Jan 23, 2020
Dr Sarah Alturki
The United Nations General Assembly has proclaimed 24 January as International Day of Education. This is one step on the way to the Sustainability Development Goal (SDG) #4 in the 2030 Agenda which represents a universal and collective commitment to “ensure inclusive and equitable quality education and promote lifelong learning opportunities for all.” The members of the UN aim to make 2030 the year when the level of education across the world manages to “empower people with the knowledge, skills, and values to live in dignity, build their lives and contribute to their societies.” (UNESCO)
2030 is also an especially important target for us in Saudi Arabia, as it is the year for the realization of our national vision. It is important to note that, in fact, all of the goals of the Saudi 2030 vision can only be achieved if the education system produces the kind of leaders and citizens who are able to learn effectively throughout their lives in order to adjust to the rapidly increasing speed of change that characterizes the future of our world.
We need to ask ourselves how education must change in order to match the requirements of the future our young people will face. The Partnership for 21rst Century Skills has determined that the most important objective for schools now is for our students to gain the skills, habits, and attitudes needed to learn independently and adapt throughout their lives: creativity and innovation skills, critical thinking and problem solving skills, communication and collaboration skills. If our educational programs are not focusing on these skills, they are not preparing our children for the future toward which our world is rapidly hurtling.
2030 is important for another reason – it is the beginning of the decade in which, many futurists tell us, technology will reach the point of “singularity”. According to the on-line Technopedia, technological singularity “describes that moment in humanity’s history, in this case the future, where technology changes so much that it becomes more intelligent than humans.”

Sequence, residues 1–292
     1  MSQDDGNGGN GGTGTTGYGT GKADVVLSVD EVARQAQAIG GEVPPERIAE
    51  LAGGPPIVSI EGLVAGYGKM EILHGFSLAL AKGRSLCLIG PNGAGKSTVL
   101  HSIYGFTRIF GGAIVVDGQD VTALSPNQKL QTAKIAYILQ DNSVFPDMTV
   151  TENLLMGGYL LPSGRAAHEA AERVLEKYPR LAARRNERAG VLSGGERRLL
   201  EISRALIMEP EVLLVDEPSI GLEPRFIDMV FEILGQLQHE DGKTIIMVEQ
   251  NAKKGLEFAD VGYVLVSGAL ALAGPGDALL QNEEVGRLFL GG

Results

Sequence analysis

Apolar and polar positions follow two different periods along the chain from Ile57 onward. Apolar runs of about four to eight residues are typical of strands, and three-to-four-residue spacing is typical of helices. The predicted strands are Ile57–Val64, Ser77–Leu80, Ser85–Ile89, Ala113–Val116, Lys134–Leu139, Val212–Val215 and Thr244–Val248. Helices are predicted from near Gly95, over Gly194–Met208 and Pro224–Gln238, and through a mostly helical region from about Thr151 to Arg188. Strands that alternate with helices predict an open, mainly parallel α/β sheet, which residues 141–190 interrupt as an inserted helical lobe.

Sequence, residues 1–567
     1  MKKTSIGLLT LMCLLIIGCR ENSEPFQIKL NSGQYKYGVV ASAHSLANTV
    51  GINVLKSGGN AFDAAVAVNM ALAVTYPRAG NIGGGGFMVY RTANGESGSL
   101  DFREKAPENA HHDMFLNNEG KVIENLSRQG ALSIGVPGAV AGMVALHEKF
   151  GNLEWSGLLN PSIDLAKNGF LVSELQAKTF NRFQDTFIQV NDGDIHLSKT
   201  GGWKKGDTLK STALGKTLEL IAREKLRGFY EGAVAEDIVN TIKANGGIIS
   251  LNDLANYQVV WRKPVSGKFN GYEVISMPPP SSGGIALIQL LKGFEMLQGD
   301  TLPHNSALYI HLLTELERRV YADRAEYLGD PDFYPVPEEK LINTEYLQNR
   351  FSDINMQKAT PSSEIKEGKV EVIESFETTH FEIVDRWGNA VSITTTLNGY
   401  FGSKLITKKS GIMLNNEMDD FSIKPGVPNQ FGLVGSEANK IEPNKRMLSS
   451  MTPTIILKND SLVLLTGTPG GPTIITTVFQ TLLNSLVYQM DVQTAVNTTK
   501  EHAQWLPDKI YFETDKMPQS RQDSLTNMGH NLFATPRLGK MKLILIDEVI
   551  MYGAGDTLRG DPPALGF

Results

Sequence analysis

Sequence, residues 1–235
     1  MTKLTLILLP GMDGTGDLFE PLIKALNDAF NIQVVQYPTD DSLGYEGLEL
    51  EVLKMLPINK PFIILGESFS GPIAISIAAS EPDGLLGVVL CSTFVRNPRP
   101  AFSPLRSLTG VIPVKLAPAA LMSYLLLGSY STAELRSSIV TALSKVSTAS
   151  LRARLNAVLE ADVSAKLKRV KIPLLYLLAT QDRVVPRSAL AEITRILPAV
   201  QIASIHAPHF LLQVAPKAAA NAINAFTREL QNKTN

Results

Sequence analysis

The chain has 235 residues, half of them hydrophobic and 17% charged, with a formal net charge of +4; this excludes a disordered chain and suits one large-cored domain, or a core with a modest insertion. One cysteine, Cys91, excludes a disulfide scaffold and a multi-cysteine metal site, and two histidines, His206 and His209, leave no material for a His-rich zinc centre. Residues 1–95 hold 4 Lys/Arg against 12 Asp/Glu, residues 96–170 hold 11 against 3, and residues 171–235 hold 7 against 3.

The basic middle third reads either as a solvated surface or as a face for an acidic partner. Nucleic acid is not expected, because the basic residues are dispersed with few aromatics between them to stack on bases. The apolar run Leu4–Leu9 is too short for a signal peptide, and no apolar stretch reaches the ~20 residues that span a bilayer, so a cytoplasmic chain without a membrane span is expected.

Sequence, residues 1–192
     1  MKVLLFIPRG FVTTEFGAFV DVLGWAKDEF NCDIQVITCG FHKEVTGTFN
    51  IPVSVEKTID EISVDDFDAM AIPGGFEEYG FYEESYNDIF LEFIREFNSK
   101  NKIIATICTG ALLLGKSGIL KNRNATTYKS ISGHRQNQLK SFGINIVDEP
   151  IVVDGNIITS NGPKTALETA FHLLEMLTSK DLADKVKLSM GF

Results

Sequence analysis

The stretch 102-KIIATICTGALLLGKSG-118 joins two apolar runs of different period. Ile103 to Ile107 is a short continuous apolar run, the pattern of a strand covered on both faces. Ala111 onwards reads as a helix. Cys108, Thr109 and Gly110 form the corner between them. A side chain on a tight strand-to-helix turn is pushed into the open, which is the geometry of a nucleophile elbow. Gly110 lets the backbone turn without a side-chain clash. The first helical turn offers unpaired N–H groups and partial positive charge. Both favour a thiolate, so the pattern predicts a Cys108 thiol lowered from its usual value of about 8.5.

Therefore, not only will the world be changing but it is possible that humans could begin to lose control of it in ways we do not yet understand. To ensure a positive future for humanity, we must be sure that our children not only have the right skills – ones that cannot be taught to machines – but also that they have deep values, dispositions, and life habits that carry them safely into the unknown. These values, dispositions and habits cannot be taught by having students memorize anything at all. They will only learn these by inquiring, taking action in real life settings, reflecting on authentic experiences, and adapting their plans to what they have learned.
Clearly, the UN 2030 objective for education must emphasize the changes required to prepare children as values-driven readers, thinkers, and lifelong learners. Otherwise, our educational systems will not prepare our children for their own future. As Erik Hoffer stated way back in 1972, “In times of drastic change, it is the learners who inherit the future. The learned usually find themselves beautifully equipped for a world that no longer exists.”
At Alturki Holding, we are proud that our Sustainability efforts are focused on the development of education to meet the requirements of the future. We invite our colleagues to join with the world in celebrating the UN SDG Goal #4 and International Education Day.